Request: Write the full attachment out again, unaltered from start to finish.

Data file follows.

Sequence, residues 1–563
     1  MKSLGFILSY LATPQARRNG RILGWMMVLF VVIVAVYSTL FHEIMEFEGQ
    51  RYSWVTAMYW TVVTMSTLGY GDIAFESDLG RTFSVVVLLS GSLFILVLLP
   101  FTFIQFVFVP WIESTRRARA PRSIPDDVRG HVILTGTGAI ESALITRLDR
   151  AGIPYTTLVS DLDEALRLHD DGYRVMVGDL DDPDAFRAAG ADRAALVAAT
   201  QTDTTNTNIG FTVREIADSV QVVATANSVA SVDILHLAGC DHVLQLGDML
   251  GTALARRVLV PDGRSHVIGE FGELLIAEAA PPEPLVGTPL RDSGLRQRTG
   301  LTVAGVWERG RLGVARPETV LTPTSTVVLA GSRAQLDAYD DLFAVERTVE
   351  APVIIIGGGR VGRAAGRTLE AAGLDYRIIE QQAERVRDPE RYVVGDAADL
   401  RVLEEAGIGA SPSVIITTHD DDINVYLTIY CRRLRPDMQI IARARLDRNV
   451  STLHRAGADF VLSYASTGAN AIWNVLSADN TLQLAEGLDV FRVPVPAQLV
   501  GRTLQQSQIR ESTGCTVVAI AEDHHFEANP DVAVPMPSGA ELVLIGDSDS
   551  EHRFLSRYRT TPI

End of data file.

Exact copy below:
Sequence, residues 1–563
     1  MKSLGFILSY LATPQARRNG RILGWMMVLF VVIVAVYSTL FHEIMEFEGQ
    51  RYSWVTAMYW TVVTMSTLGY GDIAFESDLG RTFSVVVLLS GSLFILVLLP
   101  FTFIQFVFVP WIESTRRARA PRSIPDDVRG HVILTGTGAI ESALITRLDR
   151  AGIPYTTLVS DLDEALRLHD DGYRVMVGDL DDPDAFRAAG ADRAALVAAT
   201  QTDTTNTNIG FTVREIADSV QVVATANSVA SVDILHLAGC DHVLQLGDML
   251  GTALARRVLV PDGRSHVIGE FGELLIAEAA PPEPLVGTPL RDSGLRQRTG
   301  LTVAGVWERG RLGVARPETV LTPTSTVVLA GSRAQLDAYD DLFAVERTVE
   351  APVIIIGGGR VGRAAGRTLE AAGLDYRIIE QQAERVRDPE RYVVGDAADL
   401  RVLEEAGIGA SPSVIITTHD DDINVYLTIY CRRLRPDMQI IARARLDRNV
   451  STLHRAGADF VLSYASTGAN AIWNVLSADN TLQLAEGLDV FRVPVPAQLV
   501  GRTLQQSQIR ESTGCTVVAI AEDHHFEANP DVAVPMPSGA ELVLIGDSDS
   551  EHRFLSRYRT TPI